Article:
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Spring Selection; March 2006
 
 

 
George Cochran Lambdin
(American, 1830–1896)
Pink Rose Vines

Oil on canvas, 29 3/4 × 19 7/8 inches

The oldest son of prominent portrait and landscape painter James R. Lambdin (1807–1889), George took an active role in Philadelphia and New York artistic activities. A member of both the Pennsylvania Academy of the Fine Arts in Philadelphia and the National Academy of Design in New York, he forged a distinguished career as a painter of sentimental and anecdotal genre scenes, Civil War subjects, and portraiture. But it was for his paintings of roses—“Lambdin’s roses,” as critics called them—that he became best known. In the 1870s and 1880s his floral still lifes were exhibited in Louisville, Philadelphia, New York, Buffalo, Cincinnati, Chicago, and even Paris, where he showed Roses on a Wall at the 1878 Exposition Universelle. And the renowned Boston chromolithographer Louis Prang (1824–1909) further popularized Lambdin’s roses by issuing at least six prints after the latter’s rose paintings.

It is not surprising that Lambdin turned to floral still life in the 1870s, for at that time Germantown, his Philadelphia neighborhood, was a virtual “hotbed” of horticultural activity. Philadelphia had long been called “a city of flower gardens,” and Germantown was the garden center of the city. There prominent horticulturists and nurseries took the lead in cultivating rare, experimental, and exotic plants. After the introduction of hybrid tea roses in the late 1860s, botanists and amateurs alike focused on new varieties of roses. One Germantown nursery, Miller and Hayes, was the largest grower of new roses in the United States; it was so esteemed internationally that a prominent European rose grower, E. Verdier, even named a select seedling the “Miller and Hayes Rose.” Caught up in this craze, and surrounded by roses and rose talk, Lambdin avidly cultivated and painted roses and other flowers in his gardens and glass rose house.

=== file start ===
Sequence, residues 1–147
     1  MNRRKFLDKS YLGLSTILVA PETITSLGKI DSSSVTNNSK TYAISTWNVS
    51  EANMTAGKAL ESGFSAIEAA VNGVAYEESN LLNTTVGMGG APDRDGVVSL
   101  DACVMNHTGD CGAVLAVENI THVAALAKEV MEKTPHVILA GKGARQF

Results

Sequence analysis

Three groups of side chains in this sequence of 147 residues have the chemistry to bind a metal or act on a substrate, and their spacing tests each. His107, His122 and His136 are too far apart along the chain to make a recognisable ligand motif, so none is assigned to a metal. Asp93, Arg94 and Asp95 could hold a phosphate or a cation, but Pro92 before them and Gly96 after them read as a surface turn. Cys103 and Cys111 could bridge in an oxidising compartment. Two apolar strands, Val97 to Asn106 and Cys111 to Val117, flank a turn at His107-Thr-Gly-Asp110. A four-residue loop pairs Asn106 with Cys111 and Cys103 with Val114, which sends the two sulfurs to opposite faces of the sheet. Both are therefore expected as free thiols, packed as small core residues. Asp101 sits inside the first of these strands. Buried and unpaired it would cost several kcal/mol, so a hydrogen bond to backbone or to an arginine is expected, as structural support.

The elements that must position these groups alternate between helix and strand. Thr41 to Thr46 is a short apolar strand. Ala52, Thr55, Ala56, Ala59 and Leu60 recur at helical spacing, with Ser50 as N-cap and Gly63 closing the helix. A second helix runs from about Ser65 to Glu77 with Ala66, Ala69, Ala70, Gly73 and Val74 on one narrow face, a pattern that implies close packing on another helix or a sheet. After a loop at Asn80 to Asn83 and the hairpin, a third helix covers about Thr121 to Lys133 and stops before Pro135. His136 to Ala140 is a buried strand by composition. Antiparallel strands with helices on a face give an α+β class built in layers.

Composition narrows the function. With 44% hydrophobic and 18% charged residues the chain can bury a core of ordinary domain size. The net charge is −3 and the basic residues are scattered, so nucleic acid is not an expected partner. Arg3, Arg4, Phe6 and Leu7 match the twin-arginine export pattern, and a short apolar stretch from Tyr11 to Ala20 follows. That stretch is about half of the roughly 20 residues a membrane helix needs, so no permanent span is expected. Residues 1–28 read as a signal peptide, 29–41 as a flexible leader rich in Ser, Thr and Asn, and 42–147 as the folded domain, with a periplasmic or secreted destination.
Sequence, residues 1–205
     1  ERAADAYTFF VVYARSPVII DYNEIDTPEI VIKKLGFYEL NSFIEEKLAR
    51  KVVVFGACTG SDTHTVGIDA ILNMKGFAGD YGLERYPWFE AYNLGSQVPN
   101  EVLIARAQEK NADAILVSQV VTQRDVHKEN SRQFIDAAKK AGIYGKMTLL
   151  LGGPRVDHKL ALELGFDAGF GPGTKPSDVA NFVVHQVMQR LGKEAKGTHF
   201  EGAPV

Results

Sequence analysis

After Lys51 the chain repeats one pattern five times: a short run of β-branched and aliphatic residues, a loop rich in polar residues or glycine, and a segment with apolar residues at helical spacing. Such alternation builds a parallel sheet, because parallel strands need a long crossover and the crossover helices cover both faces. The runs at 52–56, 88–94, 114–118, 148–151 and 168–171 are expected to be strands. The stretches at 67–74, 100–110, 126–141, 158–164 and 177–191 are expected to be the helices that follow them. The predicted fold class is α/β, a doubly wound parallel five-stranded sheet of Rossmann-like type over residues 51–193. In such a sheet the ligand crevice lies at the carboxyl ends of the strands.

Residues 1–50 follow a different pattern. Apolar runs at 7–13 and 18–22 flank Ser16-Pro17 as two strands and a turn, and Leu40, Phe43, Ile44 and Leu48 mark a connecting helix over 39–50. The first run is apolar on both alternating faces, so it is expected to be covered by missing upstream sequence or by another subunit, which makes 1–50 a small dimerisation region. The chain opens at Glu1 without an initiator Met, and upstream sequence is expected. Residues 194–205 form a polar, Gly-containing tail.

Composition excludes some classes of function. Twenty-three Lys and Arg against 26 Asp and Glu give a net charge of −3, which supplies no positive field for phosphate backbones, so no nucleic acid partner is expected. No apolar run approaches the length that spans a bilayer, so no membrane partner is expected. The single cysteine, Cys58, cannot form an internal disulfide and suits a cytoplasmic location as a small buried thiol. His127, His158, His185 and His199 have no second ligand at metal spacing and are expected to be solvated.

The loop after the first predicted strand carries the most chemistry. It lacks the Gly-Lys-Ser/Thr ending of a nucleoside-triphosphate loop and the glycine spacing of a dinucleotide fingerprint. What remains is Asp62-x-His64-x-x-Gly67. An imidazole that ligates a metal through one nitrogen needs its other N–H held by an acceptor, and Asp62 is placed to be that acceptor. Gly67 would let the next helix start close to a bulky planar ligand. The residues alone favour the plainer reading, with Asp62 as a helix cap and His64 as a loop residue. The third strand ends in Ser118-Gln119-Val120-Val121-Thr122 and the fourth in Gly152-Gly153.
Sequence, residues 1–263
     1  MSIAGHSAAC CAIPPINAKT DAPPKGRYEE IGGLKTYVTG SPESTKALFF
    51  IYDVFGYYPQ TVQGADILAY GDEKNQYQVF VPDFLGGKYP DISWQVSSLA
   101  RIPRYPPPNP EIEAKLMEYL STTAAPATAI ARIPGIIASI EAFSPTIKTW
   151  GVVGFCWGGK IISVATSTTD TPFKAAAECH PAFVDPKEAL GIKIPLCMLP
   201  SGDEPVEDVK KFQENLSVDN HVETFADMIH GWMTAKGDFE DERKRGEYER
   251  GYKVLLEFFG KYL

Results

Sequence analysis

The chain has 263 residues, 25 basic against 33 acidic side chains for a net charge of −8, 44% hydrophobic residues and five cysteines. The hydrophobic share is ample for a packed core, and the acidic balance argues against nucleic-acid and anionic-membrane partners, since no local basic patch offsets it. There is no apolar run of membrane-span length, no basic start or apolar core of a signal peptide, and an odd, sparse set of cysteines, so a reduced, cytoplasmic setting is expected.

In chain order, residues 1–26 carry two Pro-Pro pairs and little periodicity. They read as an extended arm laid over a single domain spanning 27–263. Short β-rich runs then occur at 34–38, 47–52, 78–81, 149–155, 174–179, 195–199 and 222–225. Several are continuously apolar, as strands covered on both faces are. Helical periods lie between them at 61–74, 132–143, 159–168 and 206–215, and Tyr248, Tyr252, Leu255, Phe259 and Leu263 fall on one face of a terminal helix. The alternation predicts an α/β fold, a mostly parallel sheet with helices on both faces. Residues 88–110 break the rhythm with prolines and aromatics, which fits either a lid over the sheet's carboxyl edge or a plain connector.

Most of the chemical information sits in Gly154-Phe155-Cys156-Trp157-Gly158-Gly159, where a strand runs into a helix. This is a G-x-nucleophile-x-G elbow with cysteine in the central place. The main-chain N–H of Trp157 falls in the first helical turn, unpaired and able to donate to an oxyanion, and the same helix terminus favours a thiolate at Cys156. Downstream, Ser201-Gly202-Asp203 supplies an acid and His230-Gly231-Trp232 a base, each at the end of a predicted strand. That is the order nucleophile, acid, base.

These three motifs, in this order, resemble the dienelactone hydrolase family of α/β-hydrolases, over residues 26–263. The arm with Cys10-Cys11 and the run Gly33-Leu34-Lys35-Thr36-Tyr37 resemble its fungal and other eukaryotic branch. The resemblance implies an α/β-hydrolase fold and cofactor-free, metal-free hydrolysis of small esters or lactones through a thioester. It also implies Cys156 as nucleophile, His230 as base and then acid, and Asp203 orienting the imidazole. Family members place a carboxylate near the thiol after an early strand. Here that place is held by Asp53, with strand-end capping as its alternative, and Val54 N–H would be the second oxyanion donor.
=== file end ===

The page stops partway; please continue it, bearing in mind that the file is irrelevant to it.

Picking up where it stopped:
Lambdin’s floral still lifes are of several types. A few are traditional table top still lifes, such as his Vase of Flowers (1873; Museum of Fine Arts, Boston), with various flowers in porcelain, glass, or bronze vases. Some, like Autumn Sunshine (1880; National Museum of American Art, Smithsonian Institution, Washington, D.C.) are conservatory arrangements in which garden pots hold various blooming plants. But most of Lambdin’s still lifes depict flowers growing as if in nature and set against a rough plaster wall, sky, or background of solid color such as green, blue, or black to show the lush textures of petals and foliage to great advantage. Although his floral compositions are essentially realistic depictions, Lambdin took artistic license in arranging and emphasizing a graceful tangle of stems and branches.



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